The Andalusian Junta opens the way to legalize ten thousand homes in rustic land

The struggle that have maintained for eight years the owners of illegal homes built on undeveloped land of Andalusia continues to bear fruit. The problems affecting the whole community of some 300,000 buildings, of which 50,000 are in the province and of these, 20,000 are located in the eastern region of Axarquia, looks like it could be this July a legal outlet with the modification of the Law on Urban Planning of Andalusia (LOUA) which handles the regional government.

After a first decree regularization was approved in 2012, whose practical effects will start to be noticed, the Junta, driven by pressure from organizations such as Save Our Homes (SOHA),  is determined to give a new legal solution, especially now focused on the problems of housing built on rustic land.

These types of properties are very frequent in the provinces of Cádiz, Córdoba and Almería, and in regions like the Axarquía. Specifically, as calculated by SOHA, amnesty could benefit 50,000 to 70,000 properties in Andalusia, of which ten thousand would be in the province, mainly in the east. The Andalusian Junta has not made calculations about the consequences of changing the law, but a first data facilitated two years ago pointed to a figure of between 25,000 and 30,000 homes on undeveloped land.

Spokesman SOHA and mayor of Alcaucín by Ciudadanos, Belgian Mario Blancke, said yesterday that the admission of the amendments which took place last week in the Committee on Environment and Territorial Planning of the Andalusian Parliament “is great news” for buyers in good faith that once bought a house in the countryside, “with licenses issued by municipalities and all papers in order,” he added.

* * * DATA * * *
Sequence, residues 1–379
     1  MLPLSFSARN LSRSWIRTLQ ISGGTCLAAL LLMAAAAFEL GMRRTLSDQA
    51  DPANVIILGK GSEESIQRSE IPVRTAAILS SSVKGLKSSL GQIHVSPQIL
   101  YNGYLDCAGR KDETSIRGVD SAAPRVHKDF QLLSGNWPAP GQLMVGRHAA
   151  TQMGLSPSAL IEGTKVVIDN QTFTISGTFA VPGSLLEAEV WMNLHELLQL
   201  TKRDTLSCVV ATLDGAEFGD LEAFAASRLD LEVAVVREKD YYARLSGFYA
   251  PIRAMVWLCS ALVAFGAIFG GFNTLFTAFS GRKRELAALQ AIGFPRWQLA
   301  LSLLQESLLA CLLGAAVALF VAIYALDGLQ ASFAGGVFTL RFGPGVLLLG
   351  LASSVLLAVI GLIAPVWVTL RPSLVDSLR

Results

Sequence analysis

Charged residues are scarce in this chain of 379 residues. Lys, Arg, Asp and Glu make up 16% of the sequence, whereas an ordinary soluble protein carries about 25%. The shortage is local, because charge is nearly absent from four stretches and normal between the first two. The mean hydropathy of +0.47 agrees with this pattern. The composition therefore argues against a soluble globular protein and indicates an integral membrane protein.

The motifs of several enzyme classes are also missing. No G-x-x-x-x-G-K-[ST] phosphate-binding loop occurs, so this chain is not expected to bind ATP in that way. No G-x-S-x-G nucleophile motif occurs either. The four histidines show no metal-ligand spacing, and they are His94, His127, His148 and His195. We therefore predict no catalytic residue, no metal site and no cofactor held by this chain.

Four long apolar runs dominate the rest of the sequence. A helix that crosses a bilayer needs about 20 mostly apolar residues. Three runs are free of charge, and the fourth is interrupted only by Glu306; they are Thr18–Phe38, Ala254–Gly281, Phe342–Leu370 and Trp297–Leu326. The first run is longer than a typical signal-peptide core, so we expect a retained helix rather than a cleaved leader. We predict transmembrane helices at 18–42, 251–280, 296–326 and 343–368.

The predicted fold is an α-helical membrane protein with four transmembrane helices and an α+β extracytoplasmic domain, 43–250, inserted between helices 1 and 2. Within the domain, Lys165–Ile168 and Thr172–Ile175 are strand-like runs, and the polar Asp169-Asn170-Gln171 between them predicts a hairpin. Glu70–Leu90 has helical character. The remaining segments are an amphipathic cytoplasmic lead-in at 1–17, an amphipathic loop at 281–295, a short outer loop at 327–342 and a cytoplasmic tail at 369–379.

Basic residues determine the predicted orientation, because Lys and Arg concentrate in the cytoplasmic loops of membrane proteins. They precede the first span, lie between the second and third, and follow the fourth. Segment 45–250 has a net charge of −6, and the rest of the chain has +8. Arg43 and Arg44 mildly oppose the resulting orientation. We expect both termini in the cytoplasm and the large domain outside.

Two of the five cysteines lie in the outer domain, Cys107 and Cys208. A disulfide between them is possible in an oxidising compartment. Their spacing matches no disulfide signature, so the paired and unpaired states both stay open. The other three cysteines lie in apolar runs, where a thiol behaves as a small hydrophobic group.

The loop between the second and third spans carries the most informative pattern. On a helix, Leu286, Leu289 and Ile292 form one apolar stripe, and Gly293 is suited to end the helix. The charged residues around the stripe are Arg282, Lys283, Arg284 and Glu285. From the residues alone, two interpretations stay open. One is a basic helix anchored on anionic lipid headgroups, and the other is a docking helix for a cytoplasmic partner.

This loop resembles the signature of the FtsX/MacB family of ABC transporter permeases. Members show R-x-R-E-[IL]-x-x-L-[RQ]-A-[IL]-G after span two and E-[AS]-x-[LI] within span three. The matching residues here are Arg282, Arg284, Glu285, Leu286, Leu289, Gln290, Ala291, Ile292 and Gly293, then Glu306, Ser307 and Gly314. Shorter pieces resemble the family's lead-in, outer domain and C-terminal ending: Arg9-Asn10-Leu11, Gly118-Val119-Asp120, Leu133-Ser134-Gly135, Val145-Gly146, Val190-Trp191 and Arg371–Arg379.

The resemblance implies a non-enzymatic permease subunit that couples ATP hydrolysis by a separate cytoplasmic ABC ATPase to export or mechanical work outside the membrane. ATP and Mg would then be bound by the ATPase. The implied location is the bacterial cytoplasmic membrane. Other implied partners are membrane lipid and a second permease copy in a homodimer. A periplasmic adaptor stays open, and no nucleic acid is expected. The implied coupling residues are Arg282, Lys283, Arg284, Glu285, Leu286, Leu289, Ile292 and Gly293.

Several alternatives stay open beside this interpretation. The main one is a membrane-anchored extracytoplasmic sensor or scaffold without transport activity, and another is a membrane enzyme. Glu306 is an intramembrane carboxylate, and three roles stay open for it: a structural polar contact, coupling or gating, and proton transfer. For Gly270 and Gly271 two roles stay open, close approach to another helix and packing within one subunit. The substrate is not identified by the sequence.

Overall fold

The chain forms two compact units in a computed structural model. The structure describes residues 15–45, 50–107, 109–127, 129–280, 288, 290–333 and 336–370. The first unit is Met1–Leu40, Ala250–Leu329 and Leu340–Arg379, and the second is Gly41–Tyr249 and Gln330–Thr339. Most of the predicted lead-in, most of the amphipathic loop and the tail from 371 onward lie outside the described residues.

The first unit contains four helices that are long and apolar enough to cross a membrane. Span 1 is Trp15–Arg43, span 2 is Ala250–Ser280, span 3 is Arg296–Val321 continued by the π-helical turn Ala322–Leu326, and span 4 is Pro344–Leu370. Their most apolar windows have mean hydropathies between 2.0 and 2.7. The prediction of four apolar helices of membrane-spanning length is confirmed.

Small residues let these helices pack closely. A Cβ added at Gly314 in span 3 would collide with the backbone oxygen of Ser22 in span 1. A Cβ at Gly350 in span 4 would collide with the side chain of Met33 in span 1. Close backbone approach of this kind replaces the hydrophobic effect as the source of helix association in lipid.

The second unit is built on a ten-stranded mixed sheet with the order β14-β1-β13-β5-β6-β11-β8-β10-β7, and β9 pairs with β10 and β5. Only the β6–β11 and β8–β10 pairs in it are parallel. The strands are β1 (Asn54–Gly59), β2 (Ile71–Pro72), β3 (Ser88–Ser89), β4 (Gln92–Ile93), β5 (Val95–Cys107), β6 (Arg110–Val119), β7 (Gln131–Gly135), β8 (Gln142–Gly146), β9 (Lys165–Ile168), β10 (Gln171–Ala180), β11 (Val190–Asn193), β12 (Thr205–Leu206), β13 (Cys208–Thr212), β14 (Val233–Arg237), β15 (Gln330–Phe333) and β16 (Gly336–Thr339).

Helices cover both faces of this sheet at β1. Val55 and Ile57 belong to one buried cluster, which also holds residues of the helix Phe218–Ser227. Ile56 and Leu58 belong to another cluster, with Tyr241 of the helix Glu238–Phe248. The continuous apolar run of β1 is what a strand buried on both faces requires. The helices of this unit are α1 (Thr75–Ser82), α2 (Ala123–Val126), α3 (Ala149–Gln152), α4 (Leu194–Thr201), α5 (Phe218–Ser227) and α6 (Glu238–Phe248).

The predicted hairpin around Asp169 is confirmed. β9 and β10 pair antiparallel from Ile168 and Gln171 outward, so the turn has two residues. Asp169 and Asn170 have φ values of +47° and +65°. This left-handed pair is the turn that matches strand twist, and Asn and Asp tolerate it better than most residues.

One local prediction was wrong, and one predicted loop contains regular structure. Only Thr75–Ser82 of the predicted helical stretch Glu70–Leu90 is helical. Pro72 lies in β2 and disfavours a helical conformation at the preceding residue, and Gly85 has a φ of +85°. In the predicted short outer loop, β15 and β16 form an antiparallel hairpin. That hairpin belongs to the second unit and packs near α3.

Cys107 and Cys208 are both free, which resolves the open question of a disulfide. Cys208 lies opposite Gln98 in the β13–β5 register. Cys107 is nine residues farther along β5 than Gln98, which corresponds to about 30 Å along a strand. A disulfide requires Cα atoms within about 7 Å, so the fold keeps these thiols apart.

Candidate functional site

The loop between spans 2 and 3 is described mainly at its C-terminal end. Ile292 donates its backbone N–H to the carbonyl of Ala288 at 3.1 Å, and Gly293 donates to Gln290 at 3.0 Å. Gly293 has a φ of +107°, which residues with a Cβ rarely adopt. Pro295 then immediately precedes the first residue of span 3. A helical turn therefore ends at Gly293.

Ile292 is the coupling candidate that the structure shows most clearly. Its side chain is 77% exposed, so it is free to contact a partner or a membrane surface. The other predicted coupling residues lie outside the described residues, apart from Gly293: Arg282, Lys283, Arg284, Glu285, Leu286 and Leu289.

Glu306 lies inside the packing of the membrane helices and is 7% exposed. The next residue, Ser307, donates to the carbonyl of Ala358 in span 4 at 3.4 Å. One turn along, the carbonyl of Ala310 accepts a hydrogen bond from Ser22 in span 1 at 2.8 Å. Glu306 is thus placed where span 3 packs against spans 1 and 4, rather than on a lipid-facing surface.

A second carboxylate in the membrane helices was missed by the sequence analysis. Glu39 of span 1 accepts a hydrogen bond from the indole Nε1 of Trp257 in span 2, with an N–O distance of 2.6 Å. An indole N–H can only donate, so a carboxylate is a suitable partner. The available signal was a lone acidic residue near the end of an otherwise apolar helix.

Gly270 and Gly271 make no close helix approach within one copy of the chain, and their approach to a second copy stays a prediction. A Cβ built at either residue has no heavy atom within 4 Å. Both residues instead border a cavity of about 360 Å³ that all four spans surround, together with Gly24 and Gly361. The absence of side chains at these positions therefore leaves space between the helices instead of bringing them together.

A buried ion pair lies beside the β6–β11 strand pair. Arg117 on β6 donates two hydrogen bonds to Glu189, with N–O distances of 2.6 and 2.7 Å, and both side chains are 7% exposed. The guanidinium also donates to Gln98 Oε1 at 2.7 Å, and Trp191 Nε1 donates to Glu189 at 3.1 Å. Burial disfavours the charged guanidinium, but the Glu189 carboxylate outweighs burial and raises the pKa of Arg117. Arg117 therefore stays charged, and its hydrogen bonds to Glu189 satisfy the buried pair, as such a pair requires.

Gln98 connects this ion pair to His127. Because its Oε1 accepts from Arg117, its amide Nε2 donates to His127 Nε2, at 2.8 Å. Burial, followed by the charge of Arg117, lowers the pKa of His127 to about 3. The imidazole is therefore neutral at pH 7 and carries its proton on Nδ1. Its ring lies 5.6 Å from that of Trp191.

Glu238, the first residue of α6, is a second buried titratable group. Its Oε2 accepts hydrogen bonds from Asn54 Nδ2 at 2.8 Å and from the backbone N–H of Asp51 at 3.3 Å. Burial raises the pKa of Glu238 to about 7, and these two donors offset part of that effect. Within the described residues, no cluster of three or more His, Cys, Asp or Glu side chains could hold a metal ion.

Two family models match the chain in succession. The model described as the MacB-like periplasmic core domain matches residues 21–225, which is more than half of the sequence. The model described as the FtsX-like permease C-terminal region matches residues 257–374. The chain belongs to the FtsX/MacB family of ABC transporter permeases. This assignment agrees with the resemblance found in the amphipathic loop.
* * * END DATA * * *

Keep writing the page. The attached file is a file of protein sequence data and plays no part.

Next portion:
Specifically, the first of the proposals SOHA admitted, and now will have to be ratified by Parliament, in a session is tentatively scheduled for next July 20, it refers to the prescription of the subdivisions. This implies that may regularize those dwellings that have been raised on a surface whose estate was segregated without urbanistically were allowed.

Access to basic services

SOHA members defended this assumption, since it was “bona fide purchasers” who acquired the property without knowing what had been built on a reparcelado ground in many cases. The second measure presented, which has also been defended by SOHA, is the temporary access to basic services in existing buildings on undeveloped land that make up the residence. The law prevented, being in an irregular situation, had no authorization to contract basic supplies such as electricity or water.

The last of the claims SOHA who has been admitted as an amendment to the legal reform was the modification of the Single Transitional Provision, just as intended in the bill. This left out homeowners where there were an unfavorable administrative decision relapsed. The new text opens a door to a “revision, revocation or cancellation” of the administrative decision.

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